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Mortgage Shortfalls on Sale - Recap on What Should be Included in Valuations

Friday, February 12, 2016 - Posted by Philip Harvey

We are now starting to see a number of mortgage shortfalls in regional areas of Australia particularly those where employment has ceased virtually overnight and housing demand has plummeted (such as where mines may have been placed into maintenance mode until resource prices recover).

In this article we review what key points have been identified that valuers should cover in their memorandum in preparing their reports.

Below is an extract from the Supreme Court NSW, Genworth Financial Mortgage Insurance Pty ltd v Hodder Rook & Associates Pty Limited [2010] NSWSC 1043 (15 September 2010).

i. The valuer is required to provide an opinion as to the market value of the property at the date of the valuation (usually the date of inspection) that is supported by the evidence of at least 3 comparable sales within the 6 month period prior to the valuation (or 3 months in a rapidly moving market). If there are insufficient suitable comparable sales in the prior 6 months period, an explanation must be given in the Additional Comments section of the form.

ii. The sales evidence should provide a realistic comparison in terms of price range, type of property and price. If the sales evidence varies significantly from the valuation (+ or – 15% is referred to in the memorandum) a suitable comment should be provided in the Additional Comments section of the form.

iii. The sales evidence should be compared with the subject property with a description of the comparable sale which allows an understanding of why it has been judged to comparable, inferior or superior (as the case may be).

iv. A sale of the subject property in the previous 3 years should be noted, particularly if the valuation is a significant variation from the valuation. The memorandum makes the common sense point that a prior sale is a test of the market.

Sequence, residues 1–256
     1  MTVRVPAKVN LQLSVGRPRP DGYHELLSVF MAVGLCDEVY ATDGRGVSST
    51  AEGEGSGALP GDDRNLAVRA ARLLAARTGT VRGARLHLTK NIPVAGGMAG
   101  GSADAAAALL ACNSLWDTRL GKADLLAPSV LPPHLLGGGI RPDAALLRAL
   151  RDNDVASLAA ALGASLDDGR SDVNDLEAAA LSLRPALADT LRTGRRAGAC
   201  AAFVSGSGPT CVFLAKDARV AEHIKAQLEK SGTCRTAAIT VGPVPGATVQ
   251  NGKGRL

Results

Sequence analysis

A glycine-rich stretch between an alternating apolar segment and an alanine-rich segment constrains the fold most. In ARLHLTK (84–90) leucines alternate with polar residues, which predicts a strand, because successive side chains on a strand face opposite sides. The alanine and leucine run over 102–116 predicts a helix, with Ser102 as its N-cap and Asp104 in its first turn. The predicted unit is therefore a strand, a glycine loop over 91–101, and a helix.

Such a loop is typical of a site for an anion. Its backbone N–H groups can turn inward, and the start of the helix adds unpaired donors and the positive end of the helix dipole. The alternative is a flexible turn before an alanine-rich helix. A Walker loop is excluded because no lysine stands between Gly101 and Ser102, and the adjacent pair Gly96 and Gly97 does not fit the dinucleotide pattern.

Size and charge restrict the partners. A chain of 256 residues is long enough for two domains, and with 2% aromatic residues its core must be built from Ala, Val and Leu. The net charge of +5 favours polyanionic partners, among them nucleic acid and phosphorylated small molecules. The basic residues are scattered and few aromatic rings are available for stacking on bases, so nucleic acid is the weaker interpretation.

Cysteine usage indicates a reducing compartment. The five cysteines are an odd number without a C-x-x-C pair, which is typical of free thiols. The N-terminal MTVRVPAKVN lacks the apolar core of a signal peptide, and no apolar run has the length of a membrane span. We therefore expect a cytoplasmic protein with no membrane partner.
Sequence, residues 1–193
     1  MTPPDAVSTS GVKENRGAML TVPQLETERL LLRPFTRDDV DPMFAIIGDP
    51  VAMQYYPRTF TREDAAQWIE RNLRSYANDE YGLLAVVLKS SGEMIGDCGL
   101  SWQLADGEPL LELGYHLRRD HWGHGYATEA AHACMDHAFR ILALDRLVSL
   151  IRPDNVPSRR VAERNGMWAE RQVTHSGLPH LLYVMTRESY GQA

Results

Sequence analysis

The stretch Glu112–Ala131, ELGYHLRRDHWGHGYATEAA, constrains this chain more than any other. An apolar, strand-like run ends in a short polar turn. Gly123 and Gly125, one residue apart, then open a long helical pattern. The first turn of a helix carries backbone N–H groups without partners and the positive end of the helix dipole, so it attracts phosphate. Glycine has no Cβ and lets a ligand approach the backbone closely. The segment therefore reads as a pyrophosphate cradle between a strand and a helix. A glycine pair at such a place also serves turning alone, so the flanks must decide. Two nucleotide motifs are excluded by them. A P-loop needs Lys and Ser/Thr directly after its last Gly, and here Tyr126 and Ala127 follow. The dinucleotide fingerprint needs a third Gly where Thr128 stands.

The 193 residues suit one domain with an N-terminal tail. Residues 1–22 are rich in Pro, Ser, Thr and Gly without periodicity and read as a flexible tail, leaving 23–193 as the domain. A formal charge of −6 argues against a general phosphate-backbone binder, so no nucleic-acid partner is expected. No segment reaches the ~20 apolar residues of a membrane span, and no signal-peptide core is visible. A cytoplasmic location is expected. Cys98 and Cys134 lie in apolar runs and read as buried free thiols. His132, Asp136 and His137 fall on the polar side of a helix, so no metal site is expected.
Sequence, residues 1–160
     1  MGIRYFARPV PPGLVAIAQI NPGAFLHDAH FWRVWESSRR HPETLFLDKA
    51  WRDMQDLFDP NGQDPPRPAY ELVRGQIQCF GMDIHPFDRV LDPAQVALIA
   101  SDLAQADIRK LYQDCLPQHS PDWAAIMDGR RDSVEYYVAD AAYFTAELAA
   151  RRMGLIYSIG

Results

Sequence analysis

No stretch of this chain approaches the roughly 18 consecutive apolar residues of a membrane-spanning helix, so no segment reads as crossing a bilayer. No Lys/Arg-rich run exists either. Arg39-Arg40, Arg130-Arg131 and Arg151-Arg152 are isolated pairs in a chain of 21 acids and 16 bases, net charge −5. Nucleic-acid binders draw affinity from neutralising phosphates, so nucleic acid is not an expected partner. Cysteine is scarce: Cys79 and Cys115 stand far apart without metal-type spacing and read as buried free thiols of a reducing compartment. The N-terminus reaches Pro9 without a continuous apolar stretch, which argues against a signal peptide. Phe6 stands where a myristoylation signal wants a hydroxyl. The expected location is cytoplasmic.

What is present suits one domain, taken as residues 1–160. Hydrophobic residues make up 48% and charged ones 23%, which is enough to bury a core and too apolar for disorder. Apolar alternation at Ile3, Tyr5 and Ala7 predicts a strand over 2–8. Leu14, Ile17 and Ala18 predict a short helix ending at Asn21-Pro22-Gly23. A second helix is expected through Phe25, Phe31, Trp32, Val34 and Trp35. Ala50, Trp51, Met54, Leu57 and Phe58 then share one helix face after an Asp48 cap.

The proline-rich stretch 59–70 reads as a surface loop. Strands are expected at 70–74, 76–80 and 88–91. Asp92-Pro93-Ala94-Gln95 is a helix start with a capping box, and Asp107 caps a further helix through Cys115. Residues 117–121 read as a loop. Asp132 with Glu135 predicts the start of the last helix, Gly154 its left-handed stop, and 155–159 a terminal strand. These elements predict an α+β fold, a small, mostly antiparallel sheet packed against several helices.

v. The valuer is required to comment on the direction the recent activity and direction of the market.

vi. The Risk Analysis section of the form requires a forward-looking assessment of four risk factors which may affect the value of the subject property, particularly over a 2 to 3 year period. The most pertinent factors are “market volatility” and the “reduced value 2-3 years.” The risk rating system requires a comment on any “4” rating or if there are three or more “3” ratings.


Westpac switches Lenders Mortgage Insurance Provider possible implications in debt collection mortgage repossession

Friday, February 20, 2015 - Posted by Philip Harvey

Westpac has decided to move its Lenders Mortgage Insurance from Genworth to an international re-insurer located in Bermunda, Arch Capital Group.

The implications for the Australian market as evidenced in Genworth's share price dropping is that there are now more options available to lenders for lenders mortgage insurance. Westpac was reportedly 12% of Genworth's book.

So what are the possible implications for mortgage default / lenders mortgage insurance claims moving forward?

Many lenders have noted the tightening of what LMI will pay out on, with a trend to very strict enforcement of all sub limits. With limited competition in the LMI industry, there were not many competitive forces in play. If this is the start of a trend to offshore LMI by the big four banks, it may give lenders more room to negotiates with LMI providers in the future and subsequently obtain better deals and less restrictive sub limits. This has the potential to save lenders thousands of dollars in LMI claims.

Many commentators have already identified the risks the the Australian LMI providers. QBE was about to list its LMI.

Watch this space.

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